Buy Yourself A London Transport Icon

Dean Nicholas
By Dean Nicholas Last edited 108 months ago
Buy Yourself A London Transport Icon

Image by Lady Vervaine
Just think, in decades to come we'll all be waxing lyrical to our kids about the bendy bus. Campaigns to bring the articulated icons back will be launched, and Travis Elborough will write a sequel to his Routemaster paean extolling the virtues of those loveable low-slung street crawlers.

The great bendy rollback begins in just a few weeks, as the 507 and 521 "Red Arrow" routes revert to single-decker mundanity. But what to do with the stock of bendies that will shortly be taking up valuable garage space? Well, the company that leases the fleet to TfL is already making plans: they've started advertising the second-hand vehicles in the trade press.

Describing them as "popular with passengers and operators in over a dozen cities" (London presumably not being among that number), the company hopes to get at least £70,000 for each one, which for a fleet of unwieldy, 58-foot vehicles that have seen a heavy seven years of active service, is a pretty silly sum.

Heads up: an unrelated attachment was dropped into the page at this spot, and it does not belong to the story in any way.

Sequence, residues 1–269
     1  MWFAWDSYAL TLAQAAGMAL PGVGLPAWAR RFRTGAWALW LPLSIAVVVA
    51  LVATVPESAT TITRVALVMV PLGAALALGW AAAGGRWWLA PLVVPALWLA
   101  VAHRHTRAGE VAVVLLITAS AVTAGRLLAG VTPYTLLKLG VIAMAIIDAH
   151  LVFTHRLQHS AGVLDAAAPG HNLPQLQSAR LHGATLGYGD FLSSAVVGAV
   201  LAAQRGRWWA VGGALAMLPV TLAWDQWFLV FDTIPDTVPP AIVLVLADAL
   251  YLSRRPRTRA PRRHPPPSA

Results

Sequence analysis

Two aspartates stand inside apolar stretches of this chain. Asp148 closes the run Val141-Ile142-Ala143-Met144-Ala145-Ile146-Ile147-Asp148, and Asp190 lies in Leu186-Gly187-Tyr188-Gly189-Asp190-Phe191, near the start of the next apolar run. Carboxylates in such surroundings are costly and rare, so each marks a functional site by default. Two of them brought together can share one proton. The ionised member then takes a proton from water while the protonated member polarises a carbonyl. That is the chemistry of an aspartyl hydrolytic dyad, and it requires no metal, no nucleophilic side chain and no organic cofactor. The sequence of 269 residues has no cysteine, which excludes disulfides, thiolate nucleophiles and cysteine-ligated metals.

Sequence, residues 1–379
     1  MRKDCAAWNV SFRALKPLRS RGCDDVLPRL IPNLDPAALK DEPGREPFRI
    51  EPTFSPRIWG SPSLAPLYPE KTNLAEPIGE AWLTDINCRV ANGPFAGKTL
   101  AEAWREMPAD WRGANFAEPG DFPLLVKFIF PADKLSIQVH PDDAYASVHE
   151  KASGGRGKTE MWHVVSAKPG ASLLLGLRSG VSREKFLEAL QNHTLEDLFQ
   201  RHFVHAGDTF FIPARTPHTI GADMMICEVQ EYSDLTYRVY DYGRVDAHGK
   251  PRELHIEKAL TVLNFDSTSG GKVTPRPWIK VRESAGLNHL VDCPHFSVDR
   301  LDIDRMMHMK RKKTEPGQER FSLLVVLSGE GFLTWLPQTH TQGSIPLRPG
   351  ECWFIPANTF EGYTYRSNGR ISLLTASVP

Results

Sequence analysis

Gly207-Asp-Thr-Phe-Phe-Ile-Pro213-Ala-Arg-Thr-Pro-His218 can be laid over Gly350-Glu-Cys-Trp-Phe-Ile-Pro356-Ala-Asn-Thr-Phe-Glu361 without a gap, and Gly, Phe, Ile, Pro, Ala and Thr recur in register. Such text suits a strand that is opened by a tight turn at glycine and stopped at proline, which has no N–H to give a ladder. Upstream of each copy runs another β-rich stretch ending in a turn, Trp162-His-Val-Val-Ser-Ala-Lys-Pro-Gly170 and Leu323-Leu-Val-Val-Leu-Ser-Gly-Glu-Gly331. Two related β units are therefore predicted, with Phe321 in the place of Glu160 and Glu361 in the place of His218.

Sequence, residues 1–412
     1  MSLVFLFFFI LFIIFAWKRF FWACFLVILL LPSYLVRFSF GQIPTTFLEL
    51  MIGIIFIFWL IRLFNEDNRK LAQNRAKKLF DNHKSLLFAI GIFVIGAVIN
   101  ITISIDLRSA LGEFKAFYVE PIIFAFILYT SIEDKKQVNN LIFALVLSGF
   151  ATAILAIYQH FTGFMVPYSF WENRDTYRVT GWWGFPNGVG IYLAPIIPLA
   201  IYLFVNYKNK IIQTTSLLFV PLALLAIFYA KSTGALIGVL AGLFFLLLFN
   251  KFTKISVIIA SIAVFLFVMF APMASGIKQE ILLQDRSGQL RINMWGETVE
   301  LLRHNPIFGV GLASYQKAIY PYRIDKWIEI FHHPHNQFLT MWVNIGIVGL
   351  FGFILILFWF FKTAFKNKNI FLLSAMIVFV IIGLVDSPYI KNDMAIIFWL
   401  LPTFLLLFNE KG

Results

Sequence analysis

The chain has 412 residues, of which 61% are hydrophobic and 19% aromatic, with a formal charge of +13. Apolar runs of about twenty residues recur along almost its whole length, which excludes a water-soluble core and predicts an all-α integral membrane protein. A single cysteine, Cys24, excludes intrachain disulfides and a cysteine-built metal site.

We've got a much better idea on how they can be re-purposed. Hiring out a stretch limo used to be the perfect start to any hen night or birthday bash, but in these times of credit crunchiness, it seems a bit excessive. If TfL have any sense, they'll market the superannuated vehicles as the ideal choice for a cheapo chauffeured late-night booze cruise through the capital's streets.

Last Updated 22 May 2009


They're not being replaced by double deckers but single deckers, as there are some low bridges along the Red Arrow routes that doubledeckers can't cope with. Really wondering how they're going to cope.

Travis Elborough

I assure you, no plans for a sequel exist.
Regards, Travis Elborough


Sweek and markle -- thanks for pointing out the error, I've amended the text.

I'm in agreement that bendy buses do make sense on some routes -- the 149, which trawls a heavily used route between London Bridge and Edmonton, and has few (if any) corners on its journey, is particularly well suited to it. My other local bendy routes, the 73 and 38, on the other hand, are patently not.

Mr Elborough - that is a shame, but perhaps in a few years there'll be enough nostalgia to mount some kind of revivalist movement.